14 {
15 BaseSalary = salary; // validate base salary via property
16
17 Console.WriteLine( 
18  "
BasePlusCommissionEmployee5 constructor:
" + this );
19 } // end six-parameter BasePlusCommissionEmployee5 constructor
20
21 // property that gets and sets
22 // base-salaried commission employee's base salary
23 public decimal BaseSalary
24 {
25 get
26 {
27 return baseSalary;
28 } // end get
29 set
30 {
31 baseSalary = ( value < 0 ) ? 0 : value;
32 } // end set
33 } // end property BaseSalary
34
35 // calculate earnings
36 public override decimal Earnings()
37 {
38 return BaseSalary + base.Earnings();
39 } // end method Earnings
40
41 // return string representation of BasePlusCommissionEmployee5 42 public override string ToString() 43 { 44 return string.Format( "{0} {1} {2}: {3:C}", 45 "base-salaried", base.ToString(), "base salary", BaseSalary ); 46 } // end method ToString 47 } // end class BasePlusCommissionEmployee5

Class CommissionEmployee4 (Fig. 10.16) contains the same features as the version of the class shown in Fig. 10.13. We modified the constructor (lines 1425) to output text when it is invoked. Note that concatenating this with a string literal (line 24) implicitly invokes the ToString method of the object being constructed to obtain the object's string representation.

Class BasePlusCommissionEmployee5 (Fig. 10.17) is almost identical to BasePlusCommissionEmployee4 (Fig. 10.14), except that BasePlusCommissionEmployee5's constructor outputs text when invoked. As in CommissionEmployee4 (Fig. 10.16), we concatenate this with a string literal to implicitly obtain the object's string representation.

Figure 10.18 demonstrates the order in which constructors are called for objects of classes that are part of an inheritance hierarchy. Method Main begins by instantiating CommissionEmployee4 object employee1 (lines 1011). Next, lines 1416 instantiate BasePlusCommissionEmployee5 object employee2. This invokes the CommissionEmployee4 constructor, which prints output with the values passed from the BasePlusCommissionEmployee5 constructor, then performs the output specified in the BasePlusCommissionEmployee5 constructor. Lines 1921 then instantiate BasePlusCommissionEmployee5 object employee3. Again, the CommissionEmployee4 and BasePlusCommissionEmployee5 constructors are both called. In each case, the body of the CommissionEmployee4 constructor executes before the body of the BasePlusCommissionEmployee5 constructor. Note that employee2 is constructed completely before construction of employee3 begins.

Figure 10.18. Display order in which base class and derived class constructors are called.

(This item is displayed on pages 498 - 499 in the print version)

 1 // Fig. 10.18: ConstructorTest.cs
 2 // Display order in which base class and derived class constructors
 3 // are called.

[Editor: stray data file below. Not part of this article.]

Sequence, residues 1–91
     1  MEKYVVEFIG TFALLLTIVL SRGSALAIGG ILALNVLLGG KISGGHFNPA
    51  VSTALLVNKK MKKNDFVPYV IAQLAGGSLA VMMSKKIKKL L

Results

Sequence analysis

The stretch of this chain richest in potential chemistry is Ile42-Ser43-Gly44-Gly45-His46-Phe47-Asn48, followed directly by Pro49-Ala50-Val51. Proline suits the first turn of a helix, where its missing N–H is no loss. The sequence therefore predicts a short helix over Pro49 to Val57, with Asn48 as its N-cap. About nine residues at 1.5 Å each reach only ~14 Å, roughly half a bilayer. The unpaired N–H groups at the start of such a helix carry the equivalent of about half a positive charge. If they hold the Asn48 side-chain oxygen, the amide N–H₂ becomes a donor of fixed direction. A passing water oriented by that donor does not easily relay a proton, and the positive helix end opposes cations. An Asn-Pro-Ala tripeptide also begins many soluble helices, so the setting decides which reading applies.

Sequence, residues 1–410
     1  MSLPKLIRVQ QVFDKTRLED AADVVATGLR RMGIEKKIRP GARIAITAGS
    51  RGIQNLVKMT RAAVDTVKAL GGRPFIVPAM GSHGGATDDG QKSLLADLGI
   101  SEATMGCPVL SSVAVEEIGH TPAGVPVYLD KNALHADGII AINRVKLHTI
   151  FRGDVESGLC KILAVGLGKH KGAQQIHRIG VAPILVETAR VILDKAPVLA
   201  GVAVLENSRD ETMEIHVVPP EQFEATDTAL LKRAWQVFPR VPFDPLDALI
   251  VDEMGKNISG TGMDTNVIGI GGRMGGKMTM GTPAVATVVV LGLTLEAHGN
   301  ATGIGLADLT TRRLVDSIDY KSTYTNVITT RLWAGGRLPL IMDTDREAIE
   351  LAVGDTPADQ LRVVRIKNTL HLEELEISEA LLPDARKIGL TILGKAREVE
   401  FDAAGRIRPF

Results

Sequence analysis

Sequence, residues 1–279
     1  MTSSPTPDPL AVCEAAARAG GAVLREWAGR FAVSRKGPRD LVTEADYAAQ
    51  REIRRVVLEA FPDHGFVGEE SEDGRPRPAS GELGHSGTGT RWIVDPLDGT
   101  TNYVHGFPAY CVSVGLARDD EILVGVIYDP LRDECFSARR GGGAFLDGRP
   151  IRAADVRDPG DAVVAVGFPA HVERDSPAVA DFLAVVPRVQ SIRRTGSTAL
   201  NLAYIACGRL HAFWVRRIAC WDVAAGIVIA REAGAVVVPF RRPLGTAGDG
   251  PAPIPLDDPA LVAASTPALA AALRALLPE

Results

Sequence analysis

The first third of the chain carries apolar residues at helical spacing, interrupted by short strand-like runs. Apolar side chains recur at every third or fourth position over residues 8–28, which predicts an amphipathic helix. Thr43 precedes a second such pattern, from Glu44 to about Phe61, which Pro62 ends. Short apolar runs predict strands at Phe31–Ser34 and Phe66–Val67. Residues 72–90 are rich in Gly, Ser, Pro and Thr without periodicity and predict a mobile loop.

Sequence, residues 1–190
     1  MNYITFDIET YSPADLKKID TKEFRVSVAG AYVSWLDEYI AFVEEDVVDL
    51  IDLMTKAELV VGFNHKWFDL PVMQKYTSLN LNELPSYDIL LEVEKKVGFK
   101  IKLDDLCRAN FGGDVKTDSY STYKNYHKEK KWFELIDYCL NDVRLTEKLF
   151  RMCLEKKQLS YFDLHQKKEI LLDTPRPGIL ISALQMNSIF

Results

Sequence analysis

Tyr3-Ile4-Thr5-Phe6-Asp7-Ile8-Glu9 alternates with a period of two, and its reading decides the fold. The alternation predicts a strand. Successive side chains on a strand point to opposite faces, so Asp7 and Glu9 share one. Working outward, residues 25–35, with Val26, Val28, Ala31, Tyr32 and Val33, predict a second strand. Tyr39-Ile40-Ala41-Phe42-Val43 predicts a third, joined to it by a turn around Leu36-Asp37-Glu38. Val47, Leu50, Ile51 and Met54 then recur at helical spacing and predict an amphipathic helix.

4 using System;
 5
 6 public class ConstructorTest
 7 {
 8 public static void Main( string[] args )
 9 {
10 CommissionEmployee4 employee1 = new CommissionEmployee4( "Bob",
11  "Lewis", "333-33-3333", 5000.00M, .04M ); 
12
13 Console.WriteLine();
14 BasePlusCommissionEmployee5 employee2 = 
15  new BasePlusCommissionEmployee5( "Lisa", "Jones",
16  "555-55-5555", 2000.00M, .06M, 800.00M ); 
17
18 Console.WriteLine();
19 BasePlusCommissionEmployee5 employee3 = 
20  new BasePlusCommissionEmployee5( "Mark", "Sands",
21  "888-88-8888", 8000.00M, .15M, 2000.00M ); 
22 } // end Main
23 } // end class ConstructorTest
 
 CommissionEmployee4 constructor:
 commission employee: Bob Lewis
 social security number: 333-33-3333
 gross sales: $5,000.00
 commission rate: 0.04

 CommissionEmployee4 constructor:
 base-salaried commission employee: Lisa Jones
 social security number: 555-55-5555
 gross sales: $2,000.00
 commission rate: 0.06
 base salary: $0.00

 BasePlusCommissionEmployee5 constructor:
 base-salaried commission employee: Lisa Jones
 social security number: 555-55-5555
 gross sales: $2,000.00
 commission rate: 0.06
 base salary: $800.00

 CommissionEmployee4 constructor:
 base-salaried commission employee: Mark Sands
 social security number: 888-88-8888
 gross sales: $8,000.00
 commission rate: 0.15
 base salary: $0.00

 BasePlusCommissionEmployee5 constructor:
 base-salaried commission employee: Mark Sands
 social security number: 888-88-8888
 gross sales: $8,000.00
 commission rate: 0.15
 base salary: $2,000.00

Software Engineering with Inheritance

Preface

Index

    Introduction to Computers, the Internet and Visual C#

    Introduction to the Visual C# 2005 Express Edition IDE

    Introduction to C# Applications

    Introduction to Classes and Objects

    Control Statements: Part 1

    Control Statements: Part 2

    Methods: A Deeper Look

    Arrays

    Classes and Objects: A Deeper Look

    Object-Oriented Programming: Inheritance

    Polymorphism, Interfaces & Operator Overloading

    Exception Handling

    Graphical User Interface Concepts: Part 1

    Graphical User Interface Concepts: Part 2

    Multithreading

    Strings, Characters and Regular Expressions

    Graphics and Multimedia

    Files and Streams

    Extensible Markup Language (XML)

    Database, SQL and ADO.NET

    ASP.NET 2.0, Web Forms and Web Controls

    Web Services

    Networking: Streams-Based Sockets and Datagrams

    Searching and Sorting

    Data Structures

    Generics

    Collections

    Appendix A. Operator Precedence Chart

    Appendix B. Number Systems

    Appendix C. Using the Visual Studio 2005 Debugger

    Appendix D. ASCII Character Set

    Appendix E. Unicode®

    Appendix F. Introduction to XHTML: Part 1

    Appendix G. Introduction to XHTML: Part 2

    Appendix H. HTML/XHTML Special Characters

    Appendix I. HTML/XHTML Colors

    Appendix J. ATM Case Study Code

    Appendix K. UML 2: Additional Diagram Types

    Appendix L. Simple Types

    Index



    Visual C# How to Program
    Visual C# 2005 How to Program (2nd Edition)
    ISBN: 0131525239
    EAN: 2147483647
    Year: 2004
    Pages: 600